Sermon: “Where Is the Holy Ghost?”

 “And suddenly there came a sound from heaven as of a rushing mighty wind, and it filled all the house where they were sitting. And there appeared unto them cloven tongues like as of fire, and it sat upon each of them.” [Acts 2:2-3]

On Memorial Day weekend, if you recall, I was away.  I was up in Sacramento performing a wedding.  Once again, many people expressed their pleasure in such a traditional and beautiful service.  The stepmother of the groom was almost in tears as she told me how much this service meant to her.  And once again, this confirms to me how hungry people are for the sacred, the liturgical, and the Spirit of God.  But, besides this, I had one very funny incident happen.

The ring bearer was a boy named Adam.  And he was about four years old.  He was very smart and took his role very seriously, but also seemed to be having a great time.  Well, after the wedding ceremony, Adam and his mother came up to me.  The mother spoke first, “Adam has something to ask you.” She then turned to Adam who was in her arms and said, “Go ahead; ask him.”  Adam turned to me and said, “Where is the Holy Ghost?” 

Well, that threw me for a loop, so the first thing that came out was, “Well, He is up in Heaven.”  As I said this, I thought to myself that this was NOT a very good answer to this excellent question.  And the boy confirmed my fear by saying, “But where is He now?” As I was about to give Adam a deep theological explanation, something struck me.  I turned to Adam and said, “Have you ever heard of the Holy Spirit?”  “Yes,” was his reply.  “Well, ‘Holy Ghost’ is just another way to say ‘Holy Spirit.’” “Oh,” said Adam, and totally satisfied, he ran off to play.  But I was left unfulfilled because all my deep theological explanations that were going through my mind went unexpressed.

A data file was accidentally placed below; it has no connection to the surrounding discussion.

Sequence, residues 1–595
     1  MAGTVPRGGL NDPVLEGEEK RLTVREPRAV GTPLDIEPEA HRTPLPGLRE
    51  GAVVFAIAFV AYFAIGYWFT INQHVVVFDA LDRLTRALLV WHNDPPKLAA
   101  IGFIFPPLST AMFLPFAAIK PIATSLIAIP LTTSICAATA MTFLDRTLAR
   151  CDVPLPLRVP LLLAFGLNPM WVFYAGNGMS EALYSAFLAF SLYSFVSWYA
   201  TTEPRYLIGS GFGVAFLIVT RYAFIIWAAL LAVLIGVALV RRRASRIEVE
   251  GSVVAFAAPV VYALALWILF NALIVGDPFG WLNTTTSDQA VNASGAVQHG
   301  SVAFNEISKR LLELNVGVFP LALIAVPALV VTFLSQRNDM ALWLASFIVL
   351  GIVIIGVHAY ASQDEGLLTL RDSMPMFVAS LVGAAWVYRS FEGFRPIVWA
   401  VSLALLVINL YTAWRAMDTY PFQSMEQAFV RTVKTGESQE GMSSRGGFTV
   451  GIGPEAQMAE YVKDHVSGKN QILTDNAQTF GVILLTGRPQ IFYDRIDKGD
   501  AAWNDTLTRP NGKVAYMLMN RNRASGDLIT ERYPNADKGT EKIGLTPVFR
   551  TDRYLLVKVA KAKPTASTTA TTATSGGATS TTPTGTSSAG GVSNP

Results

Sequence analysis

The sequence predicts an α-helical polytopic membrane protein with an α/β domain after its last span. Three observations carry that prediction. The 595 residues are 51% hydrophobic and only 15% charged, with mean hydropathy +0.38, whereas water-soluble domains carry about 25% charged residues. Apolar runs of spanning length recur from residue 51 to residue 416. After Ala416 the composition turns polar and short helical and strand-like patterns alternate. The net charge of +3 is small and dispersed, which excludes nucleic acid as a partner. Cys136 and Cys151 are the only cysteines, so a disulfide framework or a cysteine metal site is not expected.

As I stood there, it suddenly made sense, all that Adam was saying.  He thought that there was some sort of ghost in the room, and it kind of scared him.  Once he knew it was the Holy Spirit, all was well for him.

Children often get things we do in church wrong.  Dick van Dyke told the story of how, as a child, he thought people were praying, “Our Father, who art in Heaven, Harold be thy Name.”